What should "Ground Zero mosque" leader be saying right now?
The Washington Post’s “On Faith” blog panelists have shared their thoughts about what the “Ground Zero mosque” leader Imam Feisal Abdul Rauf, should be saying in light of the growing controversy surrounding the proposed plans for Cordoba House (the project’s name) about two blocks from Ground Zero. The panelists were asked what message of faith could Imam Rauf offer to Muslims and non-Muslims that could turn this moment of division into a time of healing.
Interested in what they have to say? Here’s a sampling:
Aseem Shukla, co-founder of the Hindu American Foundation: ”An important dialog about propriety and religious freedom has morphed into one of the most disturbing, polarized and often profane shouting matches over faith in recent memory. But, disturbingly, the person who can most easily defuse a storm that threatens America’s vaunted values of tolerance and pluralism, Imam Feisal Abdul Rauf, is completely and continuously absent from the scene. Absence may make the heart grow fonder; but absence can also make malice grow stronger.”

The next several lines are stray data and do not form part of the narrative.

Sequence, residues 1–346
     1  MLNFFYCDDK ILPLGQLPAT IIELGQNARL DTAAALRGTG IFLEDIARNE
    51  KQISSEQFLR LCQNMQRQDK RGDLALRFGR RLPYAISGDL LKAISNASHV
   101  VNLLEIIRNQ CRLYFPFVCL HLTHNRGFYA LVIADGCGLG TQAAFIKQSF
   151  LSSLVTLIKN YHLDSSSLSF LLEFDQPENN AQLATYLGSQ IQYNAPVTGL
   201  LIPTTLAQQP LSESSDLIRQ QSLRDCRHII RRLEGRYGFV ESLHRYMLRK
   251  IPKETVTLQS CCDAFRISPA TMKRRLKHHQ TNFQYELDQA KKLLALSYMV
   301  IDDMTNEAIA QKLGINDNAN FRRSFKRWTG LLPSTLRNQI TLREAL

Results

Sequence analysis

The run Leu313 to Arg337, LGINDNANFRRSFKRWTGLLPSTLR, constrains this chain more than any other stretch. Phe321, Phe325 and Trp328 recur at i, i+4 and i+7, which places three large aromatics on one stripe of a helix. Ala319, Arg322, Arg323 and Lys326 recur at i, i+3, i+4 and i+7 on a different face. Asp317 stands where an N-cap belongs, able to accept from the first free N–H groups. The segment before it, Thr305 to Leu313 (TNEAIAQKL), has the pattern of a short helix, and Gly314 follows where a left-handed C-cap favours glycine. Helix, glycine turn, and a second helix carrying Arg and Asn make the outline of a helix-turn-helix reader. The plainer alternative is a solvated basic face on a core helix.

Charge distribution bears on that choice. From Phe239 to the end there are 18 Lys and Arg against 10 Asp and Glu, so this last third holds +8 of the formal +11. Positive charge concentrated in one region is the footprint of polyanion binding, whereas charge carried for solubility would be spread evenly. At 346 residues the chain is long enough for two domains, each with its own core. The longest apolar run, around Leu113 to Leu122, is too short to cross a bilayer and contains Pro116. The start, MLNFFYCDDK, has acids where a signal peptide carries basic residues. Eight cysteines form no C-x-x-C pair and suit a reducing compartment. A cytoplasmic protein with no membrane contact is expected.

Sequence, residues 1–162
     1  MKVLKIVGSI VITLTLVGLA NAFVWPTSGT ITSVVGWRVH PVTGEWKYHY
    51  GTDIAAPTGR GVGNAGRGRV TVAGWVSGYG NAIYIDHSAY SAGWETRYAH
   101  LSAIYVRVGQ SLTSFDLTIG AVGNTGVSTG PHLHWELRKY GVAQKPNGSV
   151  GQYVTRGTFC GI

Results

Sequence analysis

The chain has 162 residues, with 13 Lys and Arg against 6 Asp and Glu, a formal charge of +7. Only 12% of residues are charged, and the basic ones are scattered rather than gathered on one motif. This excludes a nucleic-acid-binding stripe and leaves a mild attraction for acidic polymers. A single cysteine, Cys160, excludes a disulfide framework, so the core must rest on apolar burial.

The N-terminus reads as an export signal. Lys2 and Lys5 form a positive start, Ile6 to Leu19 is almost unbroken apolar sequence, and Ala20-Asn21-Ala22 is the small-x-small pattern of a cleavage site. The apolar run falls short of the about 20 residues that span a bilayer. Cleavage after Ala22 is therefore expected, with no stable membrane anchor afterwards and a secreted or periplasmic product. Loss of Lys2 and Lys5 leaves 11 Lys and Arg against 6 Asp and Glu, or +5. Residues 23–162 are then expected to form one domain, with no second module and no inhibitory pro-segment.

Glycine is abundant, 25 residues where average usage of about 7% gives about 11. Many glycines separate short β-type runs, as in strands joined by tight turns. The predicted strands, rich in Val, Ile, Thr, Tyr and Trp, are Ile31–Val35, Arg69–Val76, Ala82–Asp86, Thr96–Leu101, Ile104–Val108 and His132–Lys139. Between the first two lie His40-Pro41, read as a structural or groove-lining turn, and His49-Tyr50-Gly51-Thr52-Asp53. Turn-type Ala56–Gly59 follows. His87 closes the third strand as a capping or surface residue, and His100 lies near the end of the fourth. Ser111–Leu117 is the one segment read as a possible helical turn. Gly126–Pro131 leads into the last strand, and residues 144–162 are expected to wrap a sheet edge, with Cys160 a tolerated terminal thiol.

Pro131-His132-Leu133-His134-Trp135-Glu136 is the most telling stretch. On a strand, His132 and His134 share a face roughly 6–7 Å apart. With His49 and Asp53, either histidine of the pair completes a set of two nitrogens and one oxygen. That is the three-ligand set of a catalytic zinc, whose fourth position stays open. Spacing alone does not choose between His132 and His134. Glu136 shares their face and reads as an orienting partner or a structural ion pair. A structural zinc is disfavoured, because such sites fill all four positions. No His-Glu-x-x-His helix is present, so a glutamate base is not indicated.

Jordan Sekulow, human rights attorney and director of international operations at the American Center for Law and Justice: “It is Imam Rauf, and not the bipartisan majority of Americans from all walks of life who oppose the Ground Zero Mosque, who must apologize for fueling anti-American Islamic terrorism. As more information about Rauf becomes available, it is clear that he has spread the same kind of propaganda that al Qaeda uses to recruit new terrorists and is out of touch with reality when he joked about suicide bombers in front of a foreign audience.”
Danielle Bean, Catholic author and editorial director of Faith and Family magazine and Faith and Family Live: ”Having a “right” to do something does not necessarily make it the “right” thing to do. Imam Rauf may not be the problem, but he has an opportunity to be part of the solution to this ugly and divisive controversy.
We need look no further than Pope John Paul II for an example of the peace-making power of sometimes backing down. As Archbishop Timothy Dolan reminded us last week, in 1993 there was a similar conflict between Jewish leaders and Polish Carmelite nuns who lived in a convent on the grounds of Auschwitz. Technically, the sisters had a “right” to reside there. But because the late pontiff respected the sensitivities of a wounded people and the raw emotion attached to a location so closely connected to tragic injustice, he wisely ordered the sisters to move.”
To get to the “On Faith” blog to read the full text of the postings, go online to: Ground Zero mosque leader
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